Members of the African Canadian Coalition of Community Organizations Respond to Ontario's Youth Action Plan
TORONTO, Aug. 23, 2012 /CNW/ - On Thursday August 23, 2012, members of the African Canadian Coalition of Community Organizations ("ACCCO"), an ad-hoc coalition of African Canadian led and/or focussed organizations, came together to respond to the Youth Action Plan released by Minister Eric Hoskins and Minister Madeleine Meilleur on August 22, 2012.
The devil is in the details.
Moya Teklu, Policy Research Lawyer at the African Canadian Legal Clinic ("ACLC") said the Action Plan was "a start." "The community organizations that met with Chief Blair, Mayor Ford, Minister Hoskins, Minister Meillieur and Premier McGuinty, had very clear recommendations," said Teklu. "Among those recommendations was the wholesale adoption of the Roots of Youth Violence Report, the need for culturally reflective programming and services, and a meaningful recognition of the skill, knowledge and capacity that exists in African Canadian communities and organizations. While the Action Plan reflects these recommendations in a general sense, the devil is in the details. The success of the Action Plan will depend on how, where, for how long and by whom it is implemented."
It is unclear whether the Action Plan is in fact "balanced."
Mobafa Baker, Program Director of the Youth Justice Education Program, was cautiously optimistic about the Action Plan's commitment to social programming and community building. "The Premier called for a 'balanced approach,'" said Baker. "Without knowing the exact dollars and cents attached to the community building initiatives outlined in the Action Plan, however, we cannot say with certainty whether this approach is in fact 'balanced.' I am hopeful that the Province's commitment to community building will be reflected in an investment in nurturing young people that is at least equal to the millions of dollars committed to policing them."
A similar concern was raised by Donna Harrow, Executive Director of Alexandra Park Community Centre. "The allocation of an additional $2 million to crime prevention and community mobilization and increased funding to the Youth in Policing Initiative (YIPI) is concerning," said Harrow. "First, PAVIS and TAVIS already received a commitment of $12 million dollars. Both programs tout "community mobilization" as being central to their policing strategy so they are essentially receiving more funding to do the same thing. Second, because of the requirement that youth engaged in YIPI complete a successful employment security clearance process, many of the African Canadian youth who most need employment programming but are "known to police" because they have been racially profiled, will not be eligible."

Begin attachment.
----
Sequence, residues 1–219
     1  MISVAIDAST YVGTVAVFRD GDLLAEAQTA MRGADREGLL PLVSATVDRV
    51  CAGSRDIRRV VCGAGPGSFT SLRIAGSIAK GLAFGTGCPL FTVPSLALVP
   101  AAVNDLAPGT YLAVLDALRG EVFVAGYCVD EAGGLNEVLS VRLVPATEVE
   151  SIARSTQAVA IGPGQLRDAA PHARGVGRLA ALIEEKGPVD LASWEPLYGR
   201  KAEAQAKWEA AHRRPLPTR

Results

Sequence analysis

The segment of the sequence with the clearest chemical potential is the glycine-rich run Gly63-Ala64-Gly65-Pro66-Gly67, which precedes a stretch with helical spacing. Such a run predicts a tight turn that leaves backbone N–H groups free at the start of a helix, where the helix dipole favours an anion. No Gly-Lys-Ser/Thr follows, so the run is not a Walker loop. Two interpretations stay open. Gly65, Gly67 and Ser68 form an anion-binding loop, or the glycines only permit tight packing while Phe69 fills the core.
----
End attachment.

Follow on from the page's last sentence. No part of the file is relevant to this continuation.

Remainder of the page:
The particular vulnerability of the African Canadian community must be publicly acknowledged and specifically addressed.
According to Ekua Andria C. Walcott, Executive Director of the Harriet Tubman Community Organization, one very noticeable omission from the Action Plan is any specific mention of the African Canadian community. "The Action Plan mentions minority, racialized and disadvantaged youth, advocates a place-based approach that focuses on 'concentrations of disadvantage' and those who face 'multiple barriers,' and recognizes the challenges of poverty and racism," said Walcott, "But it does not explicitly note the African Canadian community or the particular vulnerability of this community as a result of these very factors."
The potential significance of this omission was explained by Liben Gebremikael, Executive Director of Taibu Community Health Centre. "While there have been improvements in youth mental health, the African Canadian community was largely excluded from the provincial strategy," said Gebremikael. "Due to the lack of a targeted approach, the services provided in high-needs African Canadian neighbourhoods have not been able to meet the needs. If the Action Plan's broad acknowledgement of difference, disparity and marginalization does not translate into targeted investment and tangible resources in predominantly African Canadian communities, the situation will only get worse."
SOURCE: African Canadian Legal ClinicFor further information:
Moya Teklu, B.A., J.D., Policy Research Lawyer
(T) 416-214-4747 ext. 23